Ignition System

in Ignition

To have an efficient running engine, there must be the correct amount of fuel mixed with the correct amount of air. These must be present in a sealed container and shocked by right amount of heat at the correct time. With total efficiency, the engine would release extremely low amount of pollutants in its exhaust. Although total efficiency is not possible at this time, late-model engines emit very low amount of pollutants, thanks to emission control device.

To have efficient engines, the basic engine needs highly efficient, fuel, and emission control systems. Although there are many different designs of these systems, the designs are similar in operation.

1. FUNCTION

The function of the ignition system is to produce a spark in the engine

cylinder towards the end of the compression stroke. In a four-stroke engine,

a spark should occur in each cylinder after two revolutions of the crankshaft,

whereas in a two-stroke engine a spark in each cylinder is required every

revolution of the crankshaft. Thus, for instance, in a 6-cylinder 4 stroke engine

running at 5000 r.p.m., the number of sparks required per minute will be

15000 and these have to be timed very accurately.

2. REQUIREMENTS OF AN IGNITION SYSTEM

1. Spark at the plug electrodes must be regular and synchronously timed with respect to the cylinder-piston position at all speeds and loads on the engine.

2. The spark should be sufficiently strong so as to start ignition of the charge. Since lean air fuel mixtures are less conductive, they require higher ignition voltages. Thus on modern emission- controlled engines that use lean mixtures, higher-voltage ignition system is required. Moreover, due to higher secondary voltage in these systems, it becomes necessary to increase the electrical insulation.

3. It should be light and compact.

4. The system must be easy to maintain.

5. It should be adaptable to mass production.

6. It must not cause radio interference.

3. TYPES OF IGNITION SYSTEM

A battery of 12 volts is generally employed. However, a very high voltage surge (of up to 25,000 volts in modern engines) is required for ignition purposes. The actual high voltage at which the spark occurs is called breakdown voltage and it depends upon so many factors, viz., the gap, polarity and condition of plug electrodes, condition of plug insulation, moisture on the distributor cap and spark plugs and pressure, temperature and type of mixture in the combustion chamber. Used spark plugs may require fairly higher voltage to fire than the new plugs because of increase in the gap and rounding off of the centre electrode. In a given engine the highest ignition voltage is required during part-throttle acceleration because the fuel system is then supplying a lean mixture with increased combustion pressures. To produce such a high voltage, a special ignition system has to be employed.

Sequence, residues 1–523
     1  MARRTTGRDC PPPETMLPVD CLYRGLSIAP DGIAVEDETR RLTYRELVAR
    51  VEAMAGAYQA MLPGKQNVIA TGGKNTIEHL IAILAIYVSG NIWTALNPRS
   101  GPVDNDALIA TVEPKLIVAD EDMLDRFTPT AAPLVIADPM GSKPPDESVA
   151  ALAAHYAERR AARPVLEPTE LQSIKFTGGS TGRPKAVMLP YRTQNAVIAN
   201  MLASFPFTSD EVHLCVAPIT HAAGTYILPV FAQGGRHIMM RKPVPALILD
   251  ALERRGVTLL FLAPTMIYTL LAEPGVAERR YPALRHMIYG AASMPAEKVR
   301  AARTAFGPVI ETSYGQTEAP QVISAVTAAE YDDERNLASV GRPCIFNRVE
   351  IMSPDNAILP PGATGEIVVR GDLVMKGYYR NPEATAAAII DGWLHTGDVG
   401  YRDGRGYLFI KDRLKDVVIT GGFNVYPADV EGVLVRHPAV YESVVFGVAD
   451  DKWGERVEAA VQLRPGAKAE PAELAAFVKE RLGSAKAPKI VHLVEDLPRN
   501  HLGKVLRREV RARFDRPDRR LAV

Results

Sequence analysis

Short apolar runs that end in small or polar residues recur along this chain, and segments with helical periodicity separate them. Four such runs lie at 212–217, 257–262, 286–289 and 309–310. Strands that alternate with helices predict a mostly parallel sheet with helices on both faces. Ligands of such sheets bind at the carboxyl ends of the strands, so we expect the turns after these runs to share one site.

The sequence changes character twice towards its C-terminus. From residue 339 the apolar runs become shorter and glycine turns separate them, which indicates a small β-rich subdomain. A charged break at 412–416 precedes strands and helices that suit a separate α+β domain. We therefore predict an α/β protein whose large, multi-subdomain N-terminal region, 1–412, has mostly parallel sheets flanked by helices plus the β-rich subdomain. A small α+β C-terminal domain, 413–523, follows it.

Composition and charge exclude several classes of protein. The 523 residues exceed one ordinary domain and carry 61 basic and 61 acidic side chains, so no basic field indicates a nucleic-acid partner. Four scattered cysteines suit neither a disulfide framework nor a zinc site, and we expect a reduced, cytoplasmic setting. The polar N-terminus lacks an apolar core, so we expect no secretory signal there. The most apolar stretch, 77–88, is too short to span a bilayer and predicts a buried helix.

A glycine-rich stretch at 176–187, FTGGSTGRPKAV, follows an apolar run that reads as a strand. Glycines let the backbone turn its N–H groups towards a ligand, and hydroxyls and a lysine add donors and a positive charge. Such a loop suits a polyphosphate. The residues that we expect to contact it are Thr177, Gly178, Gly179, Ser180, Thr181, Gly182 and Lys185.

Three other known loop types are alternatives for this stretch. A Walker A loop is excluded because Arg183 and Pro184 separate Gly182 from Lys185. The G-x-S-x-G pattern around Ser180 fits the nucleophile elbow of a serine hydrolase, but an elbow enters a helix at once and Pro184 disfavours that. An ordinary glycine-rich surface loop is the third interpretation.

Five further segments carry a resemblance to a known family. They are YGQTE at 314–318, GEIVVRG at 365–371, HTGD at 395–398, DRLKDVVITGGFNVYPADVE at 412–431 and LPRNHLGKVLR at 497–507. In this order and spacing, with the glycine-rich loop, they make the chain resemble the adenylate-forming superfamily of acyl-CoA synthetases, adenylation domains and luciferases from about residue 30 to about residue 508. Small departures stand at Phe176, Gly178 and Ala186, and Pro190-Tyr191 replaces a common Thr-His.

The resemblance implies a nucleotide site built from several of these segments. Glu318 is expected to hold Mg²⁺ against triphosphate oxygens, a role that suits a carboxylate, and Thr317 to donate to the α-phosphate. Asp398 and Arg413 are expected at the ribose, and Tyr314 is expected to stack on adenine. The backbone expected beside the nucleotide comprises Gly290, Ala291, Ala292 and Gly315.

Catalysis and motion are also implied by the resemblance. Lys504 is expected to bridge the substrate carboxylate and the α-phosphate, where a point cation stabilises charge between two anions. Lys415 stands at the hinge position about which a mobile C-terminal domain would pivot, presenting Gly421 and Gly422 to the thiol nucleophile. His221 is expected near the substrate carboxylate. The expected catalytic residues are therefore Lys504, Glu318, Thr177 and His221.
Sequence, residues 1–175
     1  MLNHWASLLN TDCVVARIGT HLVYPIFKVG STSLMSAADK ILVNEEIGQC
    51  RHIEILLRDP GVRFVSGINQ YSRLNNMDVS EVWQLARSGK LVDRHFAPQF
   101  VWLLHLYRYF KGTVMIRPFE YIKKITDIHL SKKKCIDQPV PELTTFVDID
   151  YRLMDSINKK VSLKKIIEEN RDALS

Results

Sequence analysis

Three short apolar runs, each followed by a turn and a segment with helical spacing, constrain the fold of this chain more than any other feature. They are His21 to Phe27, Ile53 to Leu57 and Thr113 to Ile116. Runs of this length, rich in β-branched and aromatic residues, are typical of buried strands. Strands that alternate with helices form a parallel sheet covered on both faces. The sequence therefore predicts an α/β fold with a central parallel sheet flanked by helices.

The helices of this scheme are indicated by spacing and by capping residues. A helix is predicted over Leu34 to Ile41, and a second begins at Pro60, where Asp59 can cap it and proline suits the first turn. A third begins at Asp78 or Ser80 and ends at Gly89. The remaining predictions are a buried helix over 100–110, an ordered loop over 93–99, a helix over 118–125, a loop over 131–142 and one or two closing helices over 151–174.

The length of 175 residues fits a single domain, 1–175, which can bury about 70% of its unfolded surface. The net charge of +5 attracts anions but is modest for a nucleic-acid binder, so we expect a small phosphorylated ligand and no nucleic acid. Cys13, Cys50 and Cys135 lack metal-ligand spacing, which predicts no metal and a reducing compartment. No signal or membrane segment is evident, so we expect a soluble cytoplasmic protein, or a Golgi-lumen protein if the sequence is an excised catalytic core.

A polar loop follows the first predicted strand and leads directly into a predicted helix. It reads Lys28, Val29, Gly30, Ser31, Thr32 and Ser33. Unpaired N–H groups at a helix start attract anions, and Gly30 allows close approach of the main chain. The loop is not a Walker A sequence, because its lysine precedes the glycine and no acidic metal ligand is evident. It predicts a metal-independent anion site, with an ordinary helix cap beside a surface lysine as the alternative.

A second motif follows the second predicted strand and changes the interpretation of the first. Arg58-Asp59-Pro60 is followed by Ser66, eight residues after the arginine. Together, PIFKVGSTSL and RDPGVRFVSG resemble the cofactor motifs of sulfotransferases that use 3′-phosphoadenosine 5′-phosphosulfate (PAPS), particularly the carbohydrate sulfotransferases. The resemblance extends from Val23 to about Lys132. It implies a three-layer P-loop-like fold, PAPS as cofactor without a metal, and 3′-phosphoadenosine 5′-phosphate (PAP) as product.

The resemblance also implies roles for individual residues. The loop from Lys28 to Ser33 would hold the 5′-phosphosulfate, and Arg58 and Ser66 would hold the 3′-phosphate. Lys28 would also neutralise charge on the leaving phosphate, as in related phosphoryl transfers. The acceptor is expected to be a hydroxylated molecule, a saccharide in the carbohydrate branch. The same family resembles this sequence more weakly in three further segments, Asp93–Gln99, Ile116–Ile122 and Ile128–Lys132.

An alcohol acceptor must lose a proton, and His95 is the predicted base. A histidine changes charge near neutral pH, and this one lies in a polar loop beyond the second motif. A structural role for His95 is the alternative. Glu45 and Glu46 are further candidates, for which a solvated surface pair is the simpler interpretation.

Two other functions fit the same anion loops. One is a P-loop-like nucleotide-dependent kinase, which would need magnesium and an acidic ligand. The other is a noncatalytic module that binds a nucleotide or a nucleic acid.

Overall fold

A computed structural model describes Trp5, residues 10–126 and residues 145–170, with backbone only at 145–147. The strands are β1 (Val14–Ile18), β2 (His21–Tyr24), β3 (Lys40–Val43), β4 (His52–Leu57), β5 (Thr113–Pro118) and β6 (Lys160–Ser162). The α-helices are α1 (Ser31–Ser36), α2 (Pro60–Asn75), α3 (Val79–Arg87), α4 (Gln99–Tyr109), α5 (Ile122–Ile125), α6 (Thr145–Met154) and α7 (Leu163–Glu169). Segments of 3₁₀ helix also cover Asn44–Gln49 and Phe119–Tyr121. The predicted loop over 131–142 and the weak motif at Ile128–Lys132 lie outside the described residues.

Two types of conventional ignition systems (called point type ignition systems) are in current use, viz., the 'battery ignition system' and the 'magneto ignition system'. However, both these systems have the major drawbacks of inertia of mechanical components like contact breaker and insufficient dwell period to build up adequate coil field at high engine speeds. Though for a long time, both these systems have been in use and giving satisfactory performance, yet since mid seventees, these are being fast replaced by 'electronic ignition systems'. Point-type and the solid-state (electronic) ignition systems operate in the same way except that they differ in the way the primary current is stopped and restarted.

The conventional point- type systems will be discussed in detail in this chapter, one of the requirements for an efficient engine is the correct amount of heat shock, delivered at the right time. This requirement is the responsibility of the ignition system. The ignition system supplies properly timed high-voltage surges to the spark plugs. These voltage surges cause combustion inside the cylinder. The ignition system must create a spark or current flow across each pair of spark plug electrodes at the proper instant, under all engine operating conditions.

This may sound relatively simple, but when one considers the number of spark plug firings required and the extreme variation in engine operating conditions, it is easy to understand why ignition systems are so complex. If a 6-cylinder engine is running at 4,000 revolutions per minute (rpm), the ignition system must supply 12,000 sparks per minute because the ignition system must fire three spark plugs per revolution. These plug firings must also occur at the correct time and generate the correct amount of heat. If the ignition system fails to do these things, fuel economy, engine performance, and emission levels will be adversely affected.

Author Box
Kiran Acharekar has 1 articles online

http://automotivemagnum.blogspot.com/2009/05/ignition-system.html

Add New Comment

Ignition System

Log in or Create Account to post a comment.
     
*
*
Security Code: Captcha Image Change Image
This article was published on 2010/04/02